Apple cider vinegar, or ACV for short, is also often called cider vinegar. ACV has been used traditionally for many different reasons including to help with indigestion, boost energy levels, relieve pain from arthritis and inflammation, and to naturally detoxify the body. More recently, ACV has become popular as a weight loss aid. ACV is formed from the fermentation of crushed apples, and contains acetic acid. Unpasteurized ACV also contains malic acid, pectin, and “mother”, which is a stringy substance containing live bacteria. Some of the benefits of ACV are attributable to its acetic acid content, but most of the benefits associated with the use of ACV are attributed to the “mother” contained in unpasteurized ACV.
Research does indeed support many of the supposed benefits of ACV. ACV has been shown to improve digestion, and it supports the immune system with its antibacterial and antiseptic properties. The weight management benefits of ACV have been demonstrated in a couple of studies showing it to reduce body weight and body fat in both rats and humans. ACV has also been shown to up-regulate the genes for PPAR-alpha, further supporting the weight management benefits of ACV.
ACV has also been shown to lower blood glucose and insulin levels after a carbohydrate containing meal when it is taken with the meal, which may have something to do with the fact that ACV may delay gastric emptying. Some users of ACV have reported greater glycogen synthesis and faster recovery when ACV is taken with a carbohydrate containing meal after training. This is likely due to a combination of this effect and the use of ACV as an anti-inflammatory.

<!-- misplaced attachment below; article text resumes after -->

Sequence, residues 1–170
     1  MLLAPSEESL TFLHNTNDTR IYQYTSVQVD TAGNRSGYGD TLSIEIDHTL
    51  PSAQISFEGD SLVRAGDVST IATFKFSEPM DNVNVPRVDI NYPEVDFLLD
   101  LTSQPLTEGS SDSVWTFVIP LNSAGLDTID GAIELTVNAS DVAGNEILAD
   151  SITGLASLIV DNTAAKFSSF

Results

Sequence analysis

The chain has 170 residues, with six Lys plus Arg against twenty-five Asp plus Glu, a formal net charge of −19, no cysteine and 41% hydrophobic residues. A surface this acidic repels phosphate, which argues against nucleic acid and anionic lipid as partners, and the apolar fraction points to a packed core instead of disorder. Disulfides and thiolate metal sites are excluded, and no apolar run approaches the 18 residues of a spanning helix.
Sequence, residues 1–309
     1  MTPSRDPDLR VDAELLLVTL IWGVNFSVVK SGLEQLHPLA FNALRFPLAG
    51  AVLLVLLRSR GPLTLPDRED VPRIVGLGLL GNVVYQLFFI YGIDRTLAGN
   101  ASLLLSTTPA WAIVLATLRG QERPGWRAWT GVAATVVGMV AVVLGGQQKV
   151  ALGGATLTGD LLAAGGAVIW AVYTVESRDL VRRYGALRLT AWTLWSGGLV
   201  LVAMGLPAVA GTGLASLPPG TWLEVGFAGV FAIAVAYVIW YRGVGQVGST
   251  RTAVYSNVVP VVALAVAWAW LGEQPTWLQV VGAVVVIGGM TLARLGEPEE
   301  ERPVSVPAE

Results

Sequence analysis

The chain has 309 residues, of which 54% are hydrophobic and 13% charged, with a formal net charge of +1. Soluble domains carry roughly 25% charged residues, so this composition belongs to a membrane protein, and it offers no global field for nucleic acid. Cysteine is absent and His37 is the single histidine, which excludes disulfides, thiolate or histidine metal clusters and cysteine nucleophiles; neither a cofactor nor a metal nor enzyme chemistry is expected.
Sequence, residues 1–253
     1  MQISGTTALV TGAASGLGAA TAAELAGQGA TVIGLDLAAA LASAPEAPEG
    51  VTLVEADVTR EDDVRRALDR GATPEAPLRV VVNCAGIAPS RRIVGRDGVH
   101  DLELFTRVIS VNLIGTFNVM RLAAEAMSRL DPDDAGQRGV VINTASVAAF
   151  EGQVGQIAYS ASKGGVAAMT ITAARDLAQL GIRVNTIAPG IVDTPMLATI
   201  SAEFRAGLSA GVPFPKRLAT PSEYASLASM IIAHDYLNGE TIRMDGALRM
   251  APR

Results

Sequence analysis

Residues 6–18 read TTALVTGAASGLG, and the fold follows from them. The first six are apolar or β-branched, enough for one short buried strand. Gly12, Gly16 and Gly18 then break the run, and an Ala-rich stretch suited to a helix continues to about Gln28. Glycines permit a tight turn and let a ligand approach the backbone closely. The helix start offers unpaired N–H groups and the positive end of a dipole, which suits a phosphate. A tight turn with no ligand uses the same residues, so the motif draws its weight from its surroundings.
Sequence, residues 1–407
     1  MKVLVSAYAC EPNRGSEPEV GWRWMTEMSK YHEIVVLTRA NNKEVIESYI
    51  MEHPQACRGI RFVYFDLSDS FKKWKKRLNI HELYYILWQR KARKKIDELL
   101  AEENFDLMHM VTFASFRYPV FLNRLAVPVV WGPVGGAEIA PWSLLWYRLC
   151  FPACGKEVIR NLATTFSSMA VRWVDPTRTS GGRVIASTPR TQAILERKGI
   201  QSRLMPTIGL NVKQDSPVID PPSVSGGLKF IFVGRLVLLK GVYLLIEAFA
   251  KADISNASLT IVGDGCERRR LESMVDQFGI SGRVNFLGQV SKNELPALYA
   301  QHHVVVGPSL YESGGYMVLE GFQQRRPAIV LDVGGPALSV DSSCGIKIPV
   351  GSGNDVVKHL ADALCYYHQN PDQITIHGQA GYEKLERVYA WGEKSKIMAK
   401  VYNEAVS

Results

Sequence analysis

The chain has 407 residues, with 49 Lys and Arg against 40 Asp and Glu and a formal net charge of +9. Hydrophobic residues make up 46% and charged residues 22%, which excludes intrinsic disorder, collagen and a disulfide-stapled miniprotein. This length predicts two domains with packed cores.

It is important to note that most of the effects of ACV can only be obtained from unpasteurized ACV. Unpasteurized ACV may be taken as a drink diluted in water, and it may also be used as a condiment such as in salad dressings. ACV tablets are also available, but the consistency and label claims of these products is somewhat questionable, so it is probably best to go with regular liquid unpasteurized ACV.
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3. Salbe AD, Johnston CS, Buyukbese MA, Tsitouras PD, & Harman SM. (2009). Vinegar lacks antiglycemic action on enteral carbohydrate absorption in human subjects. Nutrition Research (New York, N.Y.). 29(12), 846-9.
4. Kondo T, Kishi M, Fushimi T, Ugajin S, & Kaga T. (2009). Vinegar intake reduces body weight, body fat mass, and serum triglyceride levels in obese Japanese subjects. Bioscience, Biotechnology, and Biochemistry. 73(8), 1837-43.
5. Kondo T, Kishi M, Fushimi T, & Kaga T. (2009). Acetic acid upregulates the expression of genes for fatty acid oxidation enzymes in liver to suppress body fat accumulation. Journal of Agricultural and Food Chemistry. 57(13), 5982-6.
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